Health and Fitness: University of Newcastle nutrition trial seeks participants

NEW HABITS: Trial participant Glen Spotts with dietitian Erin Clarke. Mr Spotts said since joining a University of Newcastle trial he has started paying more attention to portion sizes when buying groceries.
NEW HABITS: Trial participant Glen Spotts with dietitian Erin Clarke. Mr Spotts said since joining a University of Newcastle trial he has started paying more attention to portion sizes when buying groceries.

If free fruit and vegetables, a $100 grocery reimbursement and personal dietary advice appeals to you, then you may be just what the University of Newcastle (UON) is looking for.

Dietitian Erin Clarke, from Hunter Medical Research Institute’s cardiovascular research program, is examining whether a diet comprising recommended levels of fruit and vegetables can contribute to weight loss and protect the body from inflammation after high-intensity physical activity.

She is seeking last-minute recruits for the UON nutrition trial, which includes a box of fruit and vegetables at the start of the study.

“As a dietitian I often advise people to eat more fruit and veg – we now want to study the science behind that and look at how healthy eating helps protect the body from inflammation,” Ms Clarke said.

The study runs for a 10-week period with two baseline and two follow-up sessions and one mid-way follow-up session.

Ms Clarke is looking for 10 more male participants, who need to be aged 18 to 45 years with a Body Mass Index of 25-35 (in the overweight to obese classification) and no health issues that would prevent them undertaking high-intensity exercise.

Participants also complete the Australian Eating Survey and receive support with setting goals for healthy eating and weight loss. The aim is to help people shed up to one kilogram per week, or around 10 kilograms over the course of the study.

The trial has been running for six months already and feedback has been positive.

Glen Spotts, a 41-year-old IT programmer, joined the trial last year and is on track to reach his target weight of 83 kilograms after originally weighing in at 95.

“I guess you fall into certain habits over time,” Mr Spotts said. “I haven’t avoided fruit and vegetables but I was gaining weight as I got older. After talking with Erin I began paying more attention to portion sizes when buying other groceries, and I came up with a simple rule to live by ... ‘If it’s not fruit and veg then halve it; if it is, then double it’.”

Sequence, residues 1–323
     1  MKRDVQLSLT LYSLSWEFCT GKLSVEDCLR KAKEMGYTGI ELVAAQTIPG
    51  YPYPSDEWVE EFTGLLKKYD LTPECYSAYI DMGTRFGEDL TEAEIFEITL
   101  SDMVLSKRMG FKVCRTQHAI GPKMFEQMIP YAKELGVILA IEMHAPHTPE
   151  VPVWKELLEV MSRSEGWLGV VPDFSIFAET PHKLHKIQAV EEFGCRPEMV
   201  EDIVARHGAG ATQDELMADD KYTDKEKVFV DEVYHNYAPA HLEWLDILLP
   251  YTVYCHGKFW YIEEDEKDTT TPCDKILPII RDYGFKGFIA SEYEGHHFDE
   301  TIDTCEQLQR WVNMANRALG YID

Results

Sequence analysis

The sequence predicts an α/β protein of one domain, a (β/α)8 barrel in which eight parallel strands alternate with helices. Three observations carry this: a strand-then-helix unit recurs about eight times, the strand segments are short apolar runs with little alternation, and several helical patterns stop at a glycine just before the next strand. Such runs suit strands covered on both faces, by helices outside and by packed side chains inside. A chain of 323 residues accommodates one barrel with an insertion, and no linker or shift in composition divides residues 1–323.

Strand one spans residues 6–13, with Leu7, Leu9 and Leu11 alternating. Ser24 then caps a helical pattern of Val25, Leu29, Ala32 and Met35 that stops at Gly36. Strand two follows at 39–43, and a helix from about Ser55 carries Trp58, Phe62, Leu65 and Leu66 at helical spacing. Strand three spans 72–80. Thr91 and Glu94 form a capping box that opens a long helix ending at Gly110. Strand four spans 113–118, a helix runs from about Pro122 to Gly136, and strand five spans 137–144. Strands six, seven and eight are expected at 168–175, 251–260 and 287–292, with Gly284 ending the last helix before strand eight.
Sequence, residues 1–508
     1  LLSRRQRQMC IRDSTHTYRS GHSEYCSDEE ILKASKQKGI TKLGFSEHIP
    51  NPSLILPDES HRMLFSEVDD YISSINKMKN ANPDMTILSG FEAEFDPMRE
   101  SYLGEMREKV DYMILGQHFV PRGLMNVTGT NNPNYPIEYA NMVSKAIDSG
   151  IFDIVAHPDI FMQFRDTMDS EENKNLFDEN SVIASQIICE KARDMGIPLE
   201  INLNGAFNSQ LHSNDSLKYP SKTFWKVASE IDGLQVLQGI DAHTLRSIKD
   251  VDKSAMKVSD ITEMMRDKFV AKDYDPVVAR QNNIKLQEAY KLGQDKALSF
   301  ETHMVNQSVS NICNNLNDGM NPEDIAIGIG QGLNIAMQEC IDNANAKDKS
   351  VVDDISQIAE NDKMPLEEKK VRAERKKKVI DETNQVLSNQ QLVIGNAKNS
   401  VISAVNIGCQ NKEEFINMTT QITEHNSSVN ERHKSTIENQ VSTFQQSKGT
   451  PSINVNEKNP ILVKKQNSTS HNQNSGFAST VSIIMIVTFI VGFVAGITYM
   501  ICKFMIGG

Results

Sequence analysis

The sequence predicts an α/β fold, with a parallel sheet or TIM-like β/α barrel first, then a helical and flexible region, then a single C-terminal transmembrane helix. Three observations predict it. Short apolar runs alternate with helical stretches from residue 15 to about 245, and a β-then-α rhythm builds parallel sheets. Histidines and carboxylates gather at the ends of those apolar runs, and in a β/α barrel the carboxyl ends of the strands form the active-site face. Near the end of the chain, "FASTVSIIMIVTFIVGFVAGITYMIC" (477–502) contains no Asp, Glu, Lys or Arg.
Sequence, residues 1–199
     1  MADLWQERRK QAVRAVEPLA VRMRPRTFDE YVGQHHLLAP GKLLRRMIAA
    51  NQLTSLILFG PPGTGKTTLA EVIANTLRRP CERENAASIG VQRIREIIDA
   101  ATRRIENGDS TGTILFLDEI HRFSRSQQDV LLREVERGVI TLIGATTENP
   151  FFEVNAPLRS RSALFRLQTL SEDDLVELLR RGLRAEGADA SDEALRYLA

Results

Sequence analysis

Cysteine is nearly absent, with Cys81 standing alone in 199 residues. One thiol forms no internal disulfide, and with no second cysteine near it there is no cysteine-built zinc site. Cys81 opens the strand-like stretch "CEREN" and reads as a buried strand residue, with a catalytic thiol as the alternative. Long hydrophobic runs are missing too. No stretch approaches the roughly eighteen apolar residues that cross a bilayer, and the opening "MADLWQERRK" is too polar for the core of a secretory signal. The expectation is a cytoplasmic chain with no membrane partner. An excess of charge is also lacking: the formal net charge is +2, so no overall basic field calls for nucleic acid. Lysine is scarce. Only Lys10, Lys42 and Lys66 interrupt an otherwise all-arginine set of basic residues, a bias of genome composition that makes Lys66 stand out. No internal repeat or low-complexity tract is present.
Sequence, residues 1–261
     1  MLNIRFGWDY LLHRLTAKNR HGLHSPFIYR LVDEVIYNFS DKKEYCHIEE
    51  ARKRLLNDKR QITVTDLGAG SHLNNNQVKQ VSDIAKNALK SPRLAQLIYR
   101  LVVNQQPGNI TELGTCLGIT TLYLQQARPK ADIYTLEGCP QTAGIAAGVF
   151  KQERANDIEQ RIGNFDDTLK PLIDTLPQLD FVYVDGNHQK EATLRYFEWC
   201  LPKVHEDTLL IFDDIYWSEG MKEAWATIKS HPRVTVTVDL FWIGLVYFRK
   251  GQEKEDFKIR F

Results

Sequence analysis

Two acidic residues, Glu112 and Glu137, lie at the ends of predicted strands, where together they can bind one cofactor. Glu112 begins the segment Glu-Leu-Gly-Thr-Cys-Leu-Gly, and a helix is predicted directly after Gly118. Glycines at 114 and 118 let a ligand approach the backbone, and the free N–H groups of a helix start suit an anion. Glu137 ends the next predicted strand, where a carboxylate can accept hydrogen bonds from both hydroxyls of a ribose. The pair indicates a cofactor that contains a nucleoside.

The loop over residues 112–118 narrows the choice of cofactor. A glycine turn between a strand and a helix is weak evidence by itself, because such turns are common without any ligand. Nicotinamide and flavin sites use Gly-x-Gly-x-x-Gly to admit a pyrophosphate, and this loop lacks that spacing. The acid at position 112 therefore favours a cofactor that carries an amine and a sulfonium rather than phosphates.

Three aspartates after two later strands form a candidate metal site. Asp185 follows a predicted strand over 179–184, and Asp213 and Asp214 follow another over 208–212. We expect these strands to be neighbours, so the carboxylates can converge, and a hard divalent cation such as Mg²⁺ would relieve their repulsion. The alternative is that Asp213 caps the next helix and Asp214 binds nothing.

GOOD EATING: It is recommended adults consume five serves of vegetables and two of fruit each day.

GOOD EATING: It is recommended adults consume five serves of vegetables and two of fruit each day.

Ms Clarke said some of the tips offered through the study included carrying a piece of fruit or a vegetable around with you instead of having a chocolate bar.

She also said all participants to date have improved waist circumference and body-fat percentage through moderating their diet.

“A lot of it is time, finding time to plan meals ahead and fit it into your lifestyle,” she said.

For details on the study, you can email Ms Clarke on Erin.Clarke@uon.edu.au

In another study, being conducted by HMRI and UON, a two-pronged approach is being adopted to lowering cardiovascular disease risk.

Professor Manohar Garg is recruiting for a clinical trial testing the efficacy of plant sterols (found in vegetable fat spreads) in combination with curcumin, which is isolated from the age-old spice turmeric.

The trial needs a further 50 people and needed are men and women aged 18 to 70 with a blood cholesterol level above 5.5mmol/L.

Find out about eligibility via jessica.ferguson@uon.edu.au or 4921 5636.

Sizzling Summer Sessions

The end of summer is nigh and if you have managed to train through the hottest season of the year then you will be looking forward to some cooler sessions ahead.

This month has been devoted to intervals. Everyone is different so you need to find what works for you and your goals. But the benefits of interval work are many and varied. 

Add a hill to make it harder. Enlisting a buddy is another good way to push each other out of your comfort zones and to motivate one another. 

Try this: 1km, 750 metres, 500m, 250m. Have 30 to 90 second resting recoveries between each. Repeat.

Upcoming Fitness Events

Free lunchtime Tai Chi, Civic Park, February 23: Revitalising Newcastle is hosting a range of free health and fitness activities and this week it is a boxing session. The 45-minute class starts at 12.30pm.

Harry’s Challenge Fun Run and Paddle, March 18, Stockton: A charity event for Harry's House, a family retreat for families of children living with cancer. The day involves a 5km fun run and a non-competitive event for water craft.

Water Works Ultra Marathon, Walka Water Works, Oakhampton Heights, March 18: This “ultra” event has 50km and 100km options and also the opportunity for team entries.